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Data & Privacy Germany Facebook

Zuckerberg facing £16,000 fine if he does not allow German users anonymous accounts


By Jennifer Faull, Deputy Editor

January 6, 2013 | 2 min read

Facebook founder and chief executive Mark Zuckerberg has been threatened with a £16,000 fine if he does not allow Germans anonymous accounts on the social networking site.

A German state data protection agency has already sent letter to Zuckerberg in California and Facebook Ireland Ltd stating that the current terms of service for Facebook, which require users to provide their identities, violate German law.

Thilo Weichert, data protection commissioner for Schleswig-Holstein, said: "It is unacceptable that a US portal like Facebook violates German data protection law, unopposed and with no prospect of an end."

Under German law, media services, including Facebook, must offer users the choice of using a pseudonym.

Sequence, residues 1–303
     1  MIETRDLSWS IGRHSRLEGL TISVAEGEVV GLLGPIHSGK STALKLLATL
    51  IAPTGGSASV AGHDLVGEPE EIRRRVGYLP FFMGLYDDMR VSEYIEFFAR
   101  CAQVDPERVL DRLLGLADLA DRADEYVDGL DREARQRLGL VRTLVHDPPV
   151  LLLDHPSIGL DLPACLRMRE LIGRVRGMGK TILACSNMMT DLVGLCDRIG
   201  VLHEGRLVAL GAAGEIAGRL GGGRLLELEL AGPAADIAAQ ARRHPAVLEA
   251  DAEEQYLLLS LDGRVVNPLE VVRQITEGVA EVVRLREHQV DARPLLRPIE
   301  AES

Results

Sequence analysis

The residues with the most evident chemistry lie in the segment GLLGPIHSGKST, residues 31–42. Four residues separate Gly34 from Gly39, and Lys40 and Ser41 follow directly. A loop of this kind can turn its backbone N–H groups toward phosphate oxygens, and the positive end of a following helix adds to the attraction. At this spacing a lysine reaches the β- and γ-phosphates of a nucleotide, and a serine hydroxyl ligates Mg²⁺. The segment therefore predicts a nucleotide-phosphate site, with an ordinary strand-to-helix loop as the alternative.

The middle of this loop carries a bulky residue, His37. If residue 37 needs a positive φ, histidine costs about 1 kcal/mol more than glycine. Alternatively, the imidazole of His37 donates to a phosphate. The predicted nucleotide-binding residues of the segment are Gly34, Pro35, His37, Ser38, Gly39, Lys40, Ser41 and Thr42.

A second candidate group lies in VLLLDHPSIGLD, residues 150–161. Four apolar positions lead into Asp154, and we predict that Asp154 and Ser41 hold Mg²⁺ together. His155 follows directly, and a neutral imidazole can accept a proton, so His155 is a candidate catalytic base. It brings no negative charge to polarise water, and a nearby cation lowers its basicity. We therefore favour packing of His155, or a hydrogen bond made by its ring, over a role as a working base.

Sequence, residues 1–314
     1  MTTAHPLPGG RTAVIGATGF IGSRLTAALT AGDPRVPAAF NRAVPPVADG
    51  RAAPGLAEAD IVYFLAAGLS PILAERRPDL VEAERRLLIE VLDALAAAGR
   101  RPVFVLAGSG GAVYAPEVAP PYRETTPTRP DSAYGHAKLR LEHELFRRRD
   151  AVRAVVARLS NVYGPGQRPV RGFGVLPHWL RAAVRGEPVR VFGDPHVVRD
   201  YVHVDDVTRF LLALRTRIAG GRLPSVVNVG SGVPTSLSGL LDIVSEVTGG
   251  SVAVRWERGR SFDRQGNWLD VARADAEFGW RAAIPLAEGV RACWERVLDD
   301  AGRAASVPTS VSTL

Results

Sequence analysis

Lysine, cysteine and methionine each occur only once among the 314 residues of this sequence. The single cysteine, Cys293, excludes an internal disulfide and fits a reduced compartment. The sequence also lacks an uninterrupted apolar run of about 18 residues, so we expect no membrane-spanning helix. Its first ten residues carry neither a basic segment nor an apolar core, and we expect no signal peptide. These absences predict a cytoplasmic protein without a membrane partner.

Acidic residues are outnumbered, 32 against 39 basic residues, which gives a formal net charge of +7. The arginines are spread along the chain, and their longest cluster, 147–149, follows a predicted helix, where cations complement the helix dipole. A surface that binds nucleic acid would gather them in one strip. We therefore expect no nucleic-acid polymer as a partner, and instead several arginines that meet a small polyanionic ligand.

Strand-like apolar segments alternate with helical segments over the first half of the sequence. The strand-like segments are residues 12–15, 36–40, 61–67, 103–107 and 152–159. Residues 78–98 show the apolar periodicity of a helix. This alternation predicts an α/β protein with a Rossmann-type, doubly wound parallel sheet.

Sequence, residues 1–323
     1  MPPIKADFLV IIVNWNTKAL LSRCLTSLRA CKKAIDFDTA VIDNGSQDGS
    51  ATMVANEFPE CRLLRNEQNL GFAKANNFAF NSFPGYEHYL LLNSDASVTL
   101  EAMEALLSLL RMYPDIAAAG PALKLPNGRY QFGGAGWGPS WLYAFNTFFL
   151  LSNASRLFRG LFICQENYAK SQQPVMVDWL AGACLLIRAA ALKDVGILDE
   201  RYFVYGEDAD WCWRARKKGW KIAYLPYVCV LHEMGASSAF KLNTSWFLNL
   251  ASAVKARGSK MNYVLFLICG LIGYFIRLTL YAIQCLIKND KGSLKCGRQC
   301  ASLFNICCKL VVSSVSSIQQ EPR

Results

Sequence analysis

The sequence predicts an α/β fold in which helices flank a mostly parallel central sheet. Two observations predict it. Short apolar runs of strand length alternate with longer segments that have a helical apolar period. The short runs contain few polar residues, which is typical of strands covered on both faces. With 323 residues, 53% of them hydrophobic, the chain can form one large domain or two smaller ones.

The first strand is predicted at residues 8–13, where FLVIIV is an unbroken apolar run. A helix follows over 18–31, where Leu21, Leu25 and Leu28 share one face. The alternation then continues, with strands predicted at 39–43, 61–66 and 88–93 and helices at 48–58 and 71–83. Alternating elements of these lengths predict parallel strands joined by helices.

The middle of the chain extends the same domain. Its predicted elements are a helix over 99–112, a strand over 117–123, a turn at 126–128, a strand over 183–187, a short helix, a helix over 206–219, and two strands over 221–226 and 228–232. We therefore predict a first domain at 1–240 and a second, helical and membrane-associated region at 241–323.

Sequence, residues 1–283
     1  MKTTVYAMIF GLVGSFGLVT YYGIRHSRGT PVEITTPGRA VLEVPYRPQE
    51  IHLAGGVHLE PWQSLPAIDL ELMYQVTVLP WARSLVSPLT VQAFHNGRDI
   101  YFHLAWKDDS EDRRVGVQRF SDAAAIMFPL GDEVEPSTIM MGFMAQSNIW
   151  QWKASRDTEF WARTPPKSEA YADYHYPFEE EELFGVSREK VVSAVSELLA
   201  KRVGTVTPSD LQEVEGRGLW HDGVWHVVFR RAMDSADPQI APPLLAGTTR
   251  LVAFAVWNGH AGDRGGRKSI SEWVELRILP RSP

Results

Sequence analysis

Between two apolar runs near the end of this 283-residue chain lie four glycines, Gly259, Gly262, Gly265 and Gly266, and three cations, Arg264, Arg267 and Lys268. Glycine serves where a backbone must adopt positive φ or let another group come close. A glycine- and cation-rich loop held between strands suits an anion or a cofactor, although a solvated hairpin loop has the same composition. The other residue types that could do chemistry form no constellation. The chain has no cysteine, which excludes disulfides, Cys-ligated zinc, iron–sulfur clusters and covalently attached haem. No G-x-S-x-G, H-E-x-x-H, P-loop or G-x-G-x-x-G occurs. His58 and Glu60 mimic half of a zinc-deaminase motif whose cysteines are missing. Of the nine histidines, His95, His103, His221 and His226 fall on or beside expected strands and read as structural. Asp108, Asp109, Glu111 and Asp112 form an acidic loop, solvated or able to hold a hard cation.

However, speaking to the Guardian, data protection experts said they thought it was unlikely that Facebook would comply with the latest attempt to force the site into line with German law.

"I think it is not very likely Facebook will change its business model for one country, or even just one region in Germany," said Jörg Hladjk, a lawyer specialising in data protection at Hunton & Williams in Brussels. "Just from a business perspective, this does not make a lot of sense."

A Facebook spokesman said the orders were without merit and a waste of German taxpayers' money and that the company would fight vigorously.

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